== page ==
Thus, a lengthy delay in providing notice is not an absolute bar to recovery under an insurance policy requiring notice. McFarlane v. Merit Insurance Co., 58 Ill. App. 3d 616, 619, 16 Ill. Dec. 176, 374 N.E.2d 951 (1978). In certain circumstances, delays in providing notice are excusable and will not bar coverage. McFarlane, 58 Ill. App. 3d at 619. However, delays in providing notice are excused only when the insured's delay was reasonable under the circumstances. For example, lengthy delays in providing notice are excused when the insured did not reasonably believe that the insurance policy covered the occurrence in question ( Allstate Insurance Co. v. Carioto, 194 Ill. App. 3d 767, 780, 141 Ill. Dec. 389, 551 N.E.2d 382 (1990) (2 1/2-year delay excused because a psychologically disturbed 19-year-old could not have reasonably known that his stabbing of a claimant on a Chicago street would have been covered by his mother's homeowner's policy)) and when an insured reasonably relied on her husband's assurances that he made arrangements to notify the insurer ( McFarlane, 58 Ill. App. 3d at 619 (13-month delay excused because husband repeatedly told insured that he sent a copy of the insurance policy to their attorney and the insured promptly provided notice when she learned of her husband's deception); see also Grasso v. Mid-Century Insurance Co., 181 Ill. App. 3d 286, 290, 129 Ill. Dec. 927, 536 N.E.2d 977 (1989) (two-year delay excused because insured, who was involved in an accident while driving her boyfriend's jeep, did not reasonably believe the accident was covered by her father's excess coverage insurance policy); Brotherhood Mutual Insurance Co. v. Roseth, 177 Ill. App. 3d 443, 449, 126 Ill. Dec. 669, 532 N.E.2d 354 (1988) (two-year delay excused because insureds did not reasonably believe that an accidental shooting which occurred outside of their home would be covered by their homeowner's policy and they did not reasonably believe that their friends would file a late claim)). However, lengthy delays in providing notice are not excused when the delay is caused by the insured's negligence ( Equity General Insurance Co. v. Patis, 119 Ill. App. 3d 232, 237, 74 Ill. Dec. 846, 456 N.E.2d 348 (1983) (4 1/2-month delay not excused when an insurance agent failed to notify his malpractice insurer of a malpractice claim against him and offered no reason for the delay); City of Chicago, v. United States Fire Insurance Co., 124 Ill. App. 2d 340, 345, 260 N.E.2d 276 (1970) (five-year delay not excused where the insured failed to provide notice of a tort claim because it misfiled the insurance policy in question)) or when the insured should have known that notice was required under the terms of policy ( General Casualty Co., 283 Ill. App. 3d at 381 (7 1/2-year delay not excused when interrogatory revealed that the plaintiffs were seeking damages in an amount which would trigger coverage under the insurer's excess coverage policy)).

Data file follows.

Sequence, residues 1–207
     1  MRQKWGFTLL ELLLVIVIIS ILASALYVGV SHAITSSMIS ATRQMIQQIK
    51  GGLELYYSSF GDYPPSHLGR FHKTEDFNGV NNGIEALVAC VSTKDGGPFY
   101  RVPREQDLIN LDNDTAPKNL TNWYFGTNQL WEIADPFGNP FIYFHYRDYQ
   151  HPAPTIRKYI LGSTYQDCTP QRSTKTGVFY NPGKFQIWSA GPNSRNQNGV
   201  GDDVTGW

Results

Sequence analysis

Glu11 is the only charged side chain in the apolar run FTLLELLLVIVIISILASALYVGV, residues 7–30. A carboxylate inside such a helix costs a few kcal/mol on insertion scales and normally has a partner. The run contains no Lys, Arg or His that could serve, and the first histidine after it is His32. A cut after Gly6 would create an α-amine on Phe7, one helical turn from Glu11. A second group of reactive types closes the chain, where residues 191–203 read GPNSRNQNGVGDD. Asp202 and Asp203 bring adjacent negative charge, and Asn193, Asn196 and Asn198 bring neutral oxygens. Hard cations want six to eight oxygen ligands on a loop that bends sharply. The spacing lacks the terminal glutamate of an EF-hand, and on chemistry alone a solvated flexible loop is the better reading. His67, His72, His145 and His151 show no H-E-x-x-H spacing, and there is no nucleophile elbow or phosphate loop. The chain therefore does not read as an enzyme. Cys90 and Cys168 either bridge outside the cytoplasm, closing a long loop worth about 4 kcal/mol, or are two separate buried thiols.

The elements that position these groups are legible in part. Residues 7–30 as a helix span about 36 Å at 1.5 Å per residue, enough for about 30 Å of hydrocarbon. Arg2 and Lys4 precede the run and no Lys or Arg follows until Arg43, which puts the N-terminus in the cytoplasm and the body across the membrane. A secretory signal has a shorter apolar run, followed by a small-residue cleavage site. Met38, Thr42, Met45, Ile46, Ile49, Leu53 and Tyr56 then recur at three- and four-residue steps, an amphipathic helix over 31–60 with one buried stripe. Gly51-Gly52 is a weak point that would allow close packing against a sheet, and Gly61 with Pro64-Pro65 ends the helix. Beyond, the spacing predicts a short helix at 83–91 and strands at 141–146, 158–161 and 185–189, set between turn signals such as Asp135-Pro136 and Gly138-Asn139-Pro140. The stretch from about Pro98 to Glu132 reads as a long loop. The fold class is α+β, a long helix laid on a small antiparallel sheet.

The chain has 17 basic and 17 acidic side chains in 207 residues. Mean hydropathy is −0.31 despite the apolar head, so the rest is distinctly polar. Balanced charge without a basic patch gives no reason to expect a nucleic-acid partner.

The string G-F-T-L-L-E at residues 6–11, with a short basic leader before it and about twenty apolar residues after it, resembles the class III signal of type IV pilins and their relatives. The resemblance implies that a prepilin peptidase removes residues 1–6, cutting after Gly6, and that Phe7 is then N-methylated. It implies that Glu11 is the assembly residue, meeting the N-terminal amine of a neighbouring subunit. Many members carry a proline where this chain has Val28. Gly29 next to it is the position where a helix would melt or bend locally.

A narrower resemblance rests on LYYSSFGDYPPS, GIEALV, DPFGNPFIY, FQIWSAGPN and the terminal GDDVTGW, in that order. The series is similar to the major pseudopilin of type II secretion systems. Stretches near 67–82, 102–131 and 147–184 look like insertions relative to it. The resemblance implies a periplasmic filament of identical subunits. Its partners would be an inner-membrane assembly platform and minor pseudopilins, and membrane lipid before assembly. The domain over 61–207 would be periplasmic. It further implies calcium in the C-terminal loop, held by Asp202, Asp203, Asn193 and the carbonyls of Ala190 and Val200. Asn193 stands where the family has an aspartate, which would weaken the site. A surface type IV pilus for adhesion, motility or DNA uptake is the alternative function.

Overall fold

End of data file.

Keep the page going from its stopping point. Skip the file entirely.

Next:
In the instant case, it is undisputed that on December 17, 1988, Nebel knew he was involved in an accident. It is also undisputed that Nebel knew that the accident was covered by the plaintiff's insurance policy and intentionally failed to notify the plaintiff of his involvement in the accident until August 1992, approximately three years and eight months later. Nebel's only explanation for the delay is that he feared incarceration. We do not believe the delay is reasonable under the circumstances of this case. Nebel's behavior was that of a felon, not a reasonable person. A reasonable person would have immediately reported the accident to the police and promptly notified the plaintiff. The defendants cite no case which supports Nebel's claim that fear of self-incrimination is a valid excuse for the failure to provide notice under the terms of an insurance contract. We note that, although the facts are not identical, Exline v. Exline, 277 Ill. App. 3d 10, 13-14, 213 Ill. Dec. 491, 659 N.E.2d 407 (1995), negates Nebel's fear and supports the proposition that an insured's communication to his insurer regarding an accident is not discoverable because it is privileged. Thus, Nebel has only given a reason, not a valid excuse, for his deliberate failure to notify promptly. After reviewing the record, it is clearly evident that the plaintiff established a prima facie case of breach of the notice provision.